Her hat and gardening gloves were on the bench, but Granny was nowhere to be seen.
“She’s wandered off again,” called Anne.
“I’m sure she’s fine,” Martin called back from the conservatory, without looking up from the paper.
“I thought you were keeping an eye on her,” replied Anne.
“She’s fine,” repeated Martin. “Stop fussing. She wanted to do some weeding.”
“Well she isn’t weeding and I can’t see her anywhere in the garden. She wasn’t behind the bushes when I went to throw the scraps out. I’ll have to check the back lane.”
“She’ll turn up. Don’t worry about it.”
“Or maybe she’s gone off down the shops. On Tuesday she bought five boxes of After Eight Mints and a loo brush. You could at least help.” Anne had come back in and was standing over him reproachfully.
“Like I said, she’ll turn up. She always does. She’s indestructible.”
“She’s certainly vigorous. She’s stronger than me. But mentally – completely off with the fairies. It’s impossible, it’s driving me crazy, I feel like I never have a moment – and just when I was starting to cook dinner. Look, Martin, she’s your mother. I’ll check upstairs in case she’s – I don’t know, painting magical swirls on the wallpaper with lipstick or something, and then I’ll go to the shops. You do the back lane.”
Sighing, Martin folded the paper. He stood up slowly. He went to the door, opened it, and ambled down the path to the sheltered arbour where, as it turned out, his mother was sitting on the bench with her hat on her head and her gloves in her lap.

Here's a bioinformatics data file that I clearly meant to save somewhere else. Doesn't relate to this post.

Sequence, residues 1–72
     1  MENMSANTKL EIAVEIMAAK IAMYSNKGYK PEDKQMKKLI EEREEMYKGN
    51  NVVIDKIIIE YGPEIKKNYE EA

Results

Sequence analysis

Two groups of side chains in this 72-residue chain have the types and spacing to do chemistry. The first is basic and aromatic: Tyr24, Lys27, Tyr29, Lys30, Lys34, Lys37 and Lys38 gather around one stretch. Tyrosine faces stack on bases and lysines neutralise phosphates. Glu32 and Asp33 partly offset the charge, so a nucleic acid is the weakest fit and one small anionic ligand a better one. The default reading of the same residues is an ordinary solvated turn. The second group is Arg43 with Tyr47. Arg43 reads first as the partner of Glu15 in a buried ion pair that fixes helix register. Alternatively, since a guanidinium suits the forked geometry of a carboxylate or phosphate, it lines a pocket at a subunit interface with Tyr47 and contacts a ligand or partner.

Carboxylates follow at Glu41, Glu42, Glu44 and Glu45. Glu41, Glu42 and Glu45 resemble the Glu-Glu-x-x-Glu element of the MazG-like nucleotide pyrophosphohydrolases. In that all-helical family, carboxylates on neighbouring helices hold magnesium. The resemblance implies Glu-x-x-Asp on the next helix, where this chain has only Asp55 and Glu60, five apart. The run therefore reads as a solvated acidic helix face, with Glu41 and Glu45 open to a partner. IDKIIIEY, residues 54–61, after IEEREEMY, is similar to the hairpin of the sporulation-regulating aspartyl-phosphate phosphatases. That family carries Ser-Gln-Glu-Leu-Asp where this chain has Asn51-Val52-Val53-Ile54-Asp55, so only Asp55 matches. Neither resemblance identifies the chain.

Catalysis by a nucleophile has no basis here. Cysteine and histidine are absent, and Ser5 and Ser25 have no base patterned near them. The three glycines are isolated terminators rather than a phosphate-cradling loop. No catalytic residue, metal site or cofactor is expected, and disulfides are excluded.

“There you are, mum,” he said. “Perhaps you should come in now. Anne is fretting.”
“I’ll come when I’m good and ready,” said his mother.
“Fine, fine,” said Martin. He went back to his paper.
Granny waited a little longer until she was sure the sparkles from the portal behind her were completely gone and it was safe to get up from the bench. She patted her pocket. Wonderful stuff, this magic dust. Perhaps it was reckless to get the habit at her age, but it made her feel brilliant and my goodness she needed it living with that pair. As she walked back to the house she calculated she could nip to the shop after dinner. This time, the fairies wanted Milk Tray.